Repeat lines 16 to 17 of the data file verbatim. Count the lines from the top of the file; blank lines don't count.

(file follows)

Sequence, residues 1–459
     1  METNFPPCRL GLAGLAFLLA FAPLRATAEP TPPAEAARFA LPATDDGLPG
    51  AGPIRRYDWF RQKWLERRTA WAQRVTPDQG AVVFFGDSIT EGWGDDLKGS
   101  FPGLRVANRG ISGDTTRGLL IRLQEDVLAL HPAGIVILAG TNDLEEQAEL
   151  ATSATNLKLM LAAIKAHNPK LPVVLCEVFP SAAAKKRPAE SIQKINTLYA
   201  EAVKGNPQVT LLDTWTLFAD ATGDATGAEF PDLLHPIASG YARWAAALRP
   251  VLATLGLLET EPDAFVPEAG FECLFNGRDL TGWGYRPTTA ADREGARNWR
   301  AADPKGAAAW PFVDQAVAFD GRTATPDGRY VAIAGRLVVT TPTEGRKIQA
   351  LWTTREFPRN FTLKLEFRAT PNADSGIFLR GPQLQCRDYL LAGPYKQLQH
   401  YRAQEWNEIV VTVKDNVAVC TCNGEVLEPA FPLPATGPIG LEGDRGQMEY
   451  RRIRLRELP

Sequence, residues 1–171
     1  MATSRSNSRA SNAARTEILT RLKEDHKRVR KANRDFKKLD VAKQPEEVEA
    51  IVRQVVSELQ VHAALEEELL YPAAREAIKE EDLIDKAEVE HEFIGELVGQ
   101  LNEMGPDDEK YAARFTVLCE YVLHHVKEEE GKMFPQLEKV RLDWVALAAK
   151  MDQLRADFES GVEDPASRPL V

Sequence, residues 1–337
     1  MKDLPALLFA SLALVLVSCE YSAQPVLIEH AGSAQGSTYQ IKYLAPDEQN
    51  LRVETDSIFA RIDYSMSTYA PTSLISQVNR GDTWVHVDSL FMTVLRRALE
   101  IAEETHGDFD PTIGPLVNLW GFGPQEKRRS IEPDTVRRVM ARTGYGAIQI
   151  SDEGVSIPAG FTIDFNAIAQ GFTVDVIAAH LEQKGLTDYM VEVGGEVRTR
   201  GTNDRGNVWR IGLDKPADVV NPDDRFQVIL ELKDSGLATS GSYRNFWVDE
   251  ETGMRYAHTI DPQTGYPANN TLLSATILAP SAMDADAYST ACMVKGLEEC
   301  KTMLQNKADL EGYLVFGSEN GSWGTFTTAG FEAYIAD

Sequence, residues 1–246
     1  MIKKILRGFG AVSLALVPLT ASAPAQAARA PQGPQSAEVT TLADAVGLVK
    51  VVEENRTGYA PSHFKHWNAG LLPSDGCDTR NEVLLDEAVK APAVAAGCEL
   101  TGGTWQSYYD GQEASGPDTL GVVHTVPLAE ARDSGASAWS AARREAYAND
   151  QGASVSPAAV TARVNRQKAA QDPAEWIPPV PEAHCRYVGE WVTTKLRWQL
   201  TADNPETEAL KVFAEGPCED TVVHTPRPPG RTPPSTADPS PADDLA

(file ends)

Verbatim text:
   151  MDQLRADFES GVEDPASRPL V

Sequence, residues 1–337